• H04N21/643Communication protocols
    • H04N21/6437Real-time Transport Protocol [RTP]
    • HELECTRICITY
    • H04ELECTRIC COMMUNICATION TECHNIQUE
    • H04NPICTORIAL COMMUNICATION, e.g. TELEVISION
    • H04N21/00Selective content distribution, e.g. interactive television or video on demand [VOD]
    • H04N21/60Network structure or processes for video distribution between server and client or between remote clients; Control signalling between clients, server and network components; Transmission of management data between server and client, e.g. sending from server to client commands for recording incoming content stream; Communication details between server and client 
    • H04N21/65Transmission of management data between client and server
    • H04N21/658Transmission by the client directed to the server
    • HELECTRICITY
    • H04ELECTRIC COMMUNICATION TECHNIQUE
    • H04NPICTORIAL COMMUNICATION, e.g. TELEVISION
    • H04N21/00Selective content distribution, e.g. interactive television or video on demand [VOD]
    • H04N21/60Network structure or processes for video distribution between server and client or between remote clients; Control signalling between clients, server and network components; Transmission of management data between server and client, e.g. sending from server to client commands for recording incoming content stream; Communication details between server and client 
    • H04N21/65Transmission of management data between client and server
    • H04N21/658Transmission by the client directed to the server
    • H04N21/6582Data stored in the client, e.g. viewing habits, hardware capabilities, credit card number

Abstract

A method including receiving a receiver report from a terminal; estimating one or more network conditions of a media network based at least in part on the receiver report; determining an optimal session bitrate based on the estimated one or more network conditions; and providing media data to the terminal based on the optimal session bitrate.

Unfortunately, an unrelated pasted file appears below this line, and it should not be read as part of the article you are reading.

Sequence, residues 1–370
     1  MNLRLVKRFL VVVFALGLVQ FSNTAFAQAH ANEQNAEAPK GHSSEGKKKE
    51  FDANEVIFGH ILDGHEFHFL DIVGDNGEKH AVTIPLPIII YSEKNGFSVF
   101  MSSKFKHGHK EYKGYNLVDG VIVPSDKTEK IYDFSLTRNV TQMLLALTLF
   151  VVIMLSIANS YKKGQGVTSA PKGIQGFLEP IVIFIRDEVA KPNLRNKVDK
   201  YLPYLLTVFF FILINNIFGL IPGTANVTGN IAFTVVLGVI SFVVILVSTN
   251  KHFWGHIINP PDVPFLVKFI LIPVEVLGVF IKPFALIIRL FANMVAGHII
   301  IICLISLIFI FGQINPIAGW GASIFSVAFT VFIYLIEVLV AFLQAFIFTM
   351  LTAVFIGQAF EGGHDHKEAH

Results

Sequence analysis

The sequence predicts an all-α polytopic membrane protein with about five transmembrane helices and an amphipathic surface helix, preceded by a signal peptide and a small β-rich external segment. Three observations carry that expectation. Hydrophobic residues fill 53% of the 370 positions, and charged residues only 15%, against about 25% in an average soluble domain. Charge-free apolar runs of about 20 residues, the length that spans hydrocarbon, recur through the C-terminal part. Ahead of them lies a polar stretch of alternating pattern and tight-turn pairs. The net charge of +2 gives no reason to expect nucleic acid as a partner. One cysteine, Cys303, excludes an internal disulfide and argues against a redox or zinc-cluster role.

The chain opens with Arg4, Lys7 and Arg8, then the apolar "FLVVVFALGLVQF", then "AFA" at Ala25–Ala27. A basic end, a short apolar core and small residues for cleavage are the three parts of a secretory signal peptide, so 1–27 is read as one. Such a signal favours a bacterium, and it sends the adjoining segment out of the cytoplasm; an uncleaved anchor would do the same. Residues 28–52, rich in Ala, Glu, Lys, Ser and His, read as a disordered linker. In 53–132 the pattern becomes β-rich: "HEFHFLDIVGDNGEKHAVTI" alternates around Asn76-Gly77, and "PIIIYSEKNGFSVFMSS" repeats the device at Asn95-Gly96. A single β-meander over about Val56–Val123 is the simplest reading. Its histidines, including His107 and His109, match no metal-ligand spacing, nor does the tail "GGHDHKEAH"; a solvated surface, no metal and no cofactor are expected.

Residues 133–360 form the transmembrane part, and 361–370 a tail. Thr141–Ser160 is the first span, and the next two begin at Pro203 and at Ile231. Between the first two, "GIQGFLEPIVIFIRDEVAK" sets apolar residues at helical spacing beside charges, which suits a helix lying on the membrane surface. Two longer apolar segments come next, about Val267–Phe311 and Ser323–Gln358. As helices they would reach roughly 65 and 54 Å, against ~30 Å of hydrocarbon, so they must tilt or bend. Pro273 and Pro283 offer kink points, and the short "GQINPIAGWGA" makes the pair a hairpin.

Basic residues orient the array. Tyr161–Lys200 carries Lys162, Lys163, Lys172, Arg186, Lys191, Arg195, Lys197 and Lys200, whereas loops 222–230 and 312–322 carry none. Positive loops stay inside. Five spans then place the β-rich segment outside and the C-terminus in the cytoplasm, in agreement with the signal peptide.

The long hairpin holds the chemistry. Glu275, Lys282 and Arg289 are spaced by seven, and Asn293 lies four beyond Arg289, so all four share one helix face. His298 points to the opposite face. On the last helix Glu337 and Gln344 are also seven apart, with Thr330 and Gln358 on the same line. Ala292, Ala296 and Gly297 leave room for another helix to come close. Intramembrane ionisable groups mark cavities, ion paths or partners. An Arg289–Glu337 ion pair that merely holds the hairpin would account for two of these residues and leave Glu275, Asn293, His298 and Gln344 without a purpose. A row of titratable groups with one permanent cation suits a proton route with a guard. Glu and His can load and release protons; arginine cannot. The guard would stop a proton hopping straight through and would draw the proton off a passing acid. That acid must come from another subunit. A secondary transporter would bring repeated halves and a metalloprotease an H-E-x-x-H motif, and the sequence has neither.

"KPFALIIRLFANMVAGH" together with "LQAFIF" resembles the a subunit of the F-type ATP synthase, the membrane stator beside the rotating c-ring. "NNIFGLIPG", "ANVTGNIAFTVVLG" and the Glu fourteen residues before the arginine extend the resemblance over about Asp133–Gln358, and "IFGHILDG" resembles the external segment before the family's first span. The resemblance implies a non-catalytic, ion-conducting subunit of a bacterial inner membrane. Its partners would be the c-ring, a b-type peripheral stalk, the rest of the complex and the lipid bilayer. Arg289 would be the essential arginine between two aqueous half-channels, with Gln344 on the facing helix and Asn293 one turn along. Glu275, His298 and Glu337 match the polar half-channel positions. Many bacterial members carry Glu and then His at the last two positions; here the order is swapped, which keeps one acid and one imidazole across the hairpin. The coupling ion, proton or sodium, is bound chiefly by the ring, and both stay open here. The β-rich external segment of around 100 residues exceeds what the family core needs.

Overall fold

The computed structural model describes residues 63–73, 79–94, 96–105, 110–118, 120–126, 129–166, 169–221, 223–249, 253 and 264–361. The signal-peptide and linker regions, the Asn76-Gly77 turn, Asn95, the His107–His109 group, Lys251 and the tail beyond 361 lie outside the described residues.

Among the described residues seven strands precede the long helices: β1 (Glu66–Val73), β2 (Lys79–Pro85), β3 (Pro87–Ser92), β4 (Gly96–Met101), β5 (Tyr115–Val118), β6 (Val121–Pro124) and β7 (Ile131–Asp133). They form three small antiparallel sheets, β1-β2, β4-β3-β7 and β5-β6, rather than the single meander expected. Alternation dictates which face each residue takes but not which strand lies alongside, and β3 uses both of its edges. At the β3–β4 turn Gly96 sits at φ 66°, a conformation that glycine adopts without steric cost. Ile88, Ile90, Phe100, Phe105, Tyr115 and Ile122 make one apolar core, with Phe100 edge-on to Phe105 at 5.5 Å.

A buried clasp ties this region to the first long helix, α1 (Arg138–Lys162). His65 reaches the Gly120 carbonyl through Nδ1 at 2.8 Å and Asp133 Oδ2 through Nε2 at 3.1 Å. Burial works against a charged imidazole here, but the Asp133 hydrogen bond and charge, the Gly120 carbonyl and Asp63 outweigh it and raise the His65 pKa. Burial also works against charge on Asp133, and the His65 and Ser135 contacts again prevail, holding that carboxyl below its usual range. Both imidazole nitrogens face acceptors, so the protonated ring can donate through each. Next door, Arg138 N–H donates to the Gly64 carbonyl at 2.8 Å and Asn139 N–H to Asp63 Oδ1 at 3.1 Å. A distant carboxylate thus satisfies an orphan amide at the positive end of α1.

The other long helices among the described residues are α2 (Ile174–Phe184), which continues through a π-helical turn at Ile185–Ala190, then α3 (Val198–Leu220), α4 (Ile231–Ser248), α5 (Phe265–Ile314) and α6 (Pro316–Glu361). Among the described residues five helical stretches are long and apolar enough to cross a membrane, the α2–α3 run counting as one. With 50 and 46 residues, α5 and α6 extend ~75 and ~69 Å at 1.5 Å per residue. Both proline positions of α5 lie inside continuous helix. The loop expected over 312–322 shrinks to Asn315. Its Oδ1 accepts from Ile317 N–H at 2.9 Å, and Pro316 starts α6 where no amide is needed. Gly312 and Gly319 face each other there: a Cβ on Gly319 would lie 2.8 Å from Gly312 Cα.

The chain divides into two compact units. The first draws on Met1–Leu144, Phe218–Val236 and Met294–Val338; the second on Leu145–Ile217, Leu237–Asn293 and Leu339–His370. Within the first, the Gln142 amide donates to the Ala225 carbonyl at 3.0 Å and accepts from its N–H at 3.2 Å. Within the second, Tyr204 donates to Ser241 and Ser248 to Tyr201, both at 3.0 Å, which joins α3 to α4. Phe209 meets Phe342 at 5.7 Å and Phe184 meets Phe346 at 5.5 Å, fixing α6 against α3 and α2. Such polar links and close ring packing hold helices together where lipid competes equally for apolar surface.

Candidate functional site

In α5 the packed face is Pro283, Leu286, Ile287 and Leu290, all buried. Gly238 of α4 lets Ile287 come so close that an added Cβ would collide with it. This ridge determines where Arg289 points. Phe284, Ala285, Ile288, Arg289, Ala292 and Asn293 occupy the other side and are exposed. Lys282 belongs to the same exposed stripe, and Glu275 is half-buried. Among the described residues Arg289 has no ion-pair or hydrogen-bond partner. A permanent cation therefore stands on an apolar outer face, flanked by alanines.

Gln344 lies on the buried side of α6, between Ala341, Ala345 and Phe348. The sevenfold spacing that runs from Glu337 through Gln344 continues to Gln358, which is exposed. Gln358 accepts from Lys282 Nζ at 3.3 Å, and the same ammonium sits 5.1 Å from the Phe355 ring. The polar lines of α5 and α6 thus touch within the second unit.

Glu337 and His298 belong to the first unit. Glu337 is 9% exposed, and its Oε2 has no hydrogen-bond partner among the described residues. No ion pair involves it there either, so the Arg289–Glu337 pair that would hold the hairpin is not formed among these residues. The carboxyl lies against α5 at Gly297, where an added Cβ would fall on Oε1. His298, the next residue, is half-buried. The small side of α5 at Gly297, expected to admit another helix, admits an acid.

Description

CROSS REFERENCE TO RELATED PATENTS

This application is a continuation of U.S. application Ser. No. 13/557,086, filed Jul. 24, 2012, “Adaptive Bitrate Management for Streaming Media Over Packet Networks,” which is a continuation of U.S. application Ser. No. 13/190,238, filed Jul. 25, 2011, “Adaptive Bitrate Management For Streaming Media Over Packet Networks,” which is a continuation of U.S. application Ser. No. 12/170,347, filed Jul. 9, 2008, “Adaptive Bitrate Management For Streaming Media Over Packet Networks,” which claims the benefit of U.S. Provisional Application No. 60/948,917, filed Jul. 10, 2007, “Adaptive Bitrate Management For Streaming Media Over Packet Networks,” all of which are incorporated herein by reference in their entirety.

BACKGROUND INFORMATION

Rate control is essential for media streaming over packet networks. The challenge in delivering bandwidth-intensive content like multimedia over capacity-limited, shared links is to quickly respond to changes in network conditions by adjusting the bitrate and the media encoding scheme to optimize the viewing and listening experience of the user. In particular, when transferring a fixed bitrate over a connection that cannot provide the necessary throughput, several undesirable effects arise. For example, a network buffer may overflow resulting in packet loss causing garbled video or audio playback, or a media player buffer may underflow resulting in playback stall. Standard bodies have recommended protocols to address these issues. Internet Engineering Task Force (IETF), in RFC 3550, specifies RTCP as the fundamental building block to implement bit rate/packet rate control in streaming media. Several extensions to RTCP, suited for high capacity networks, follow this original recommendation.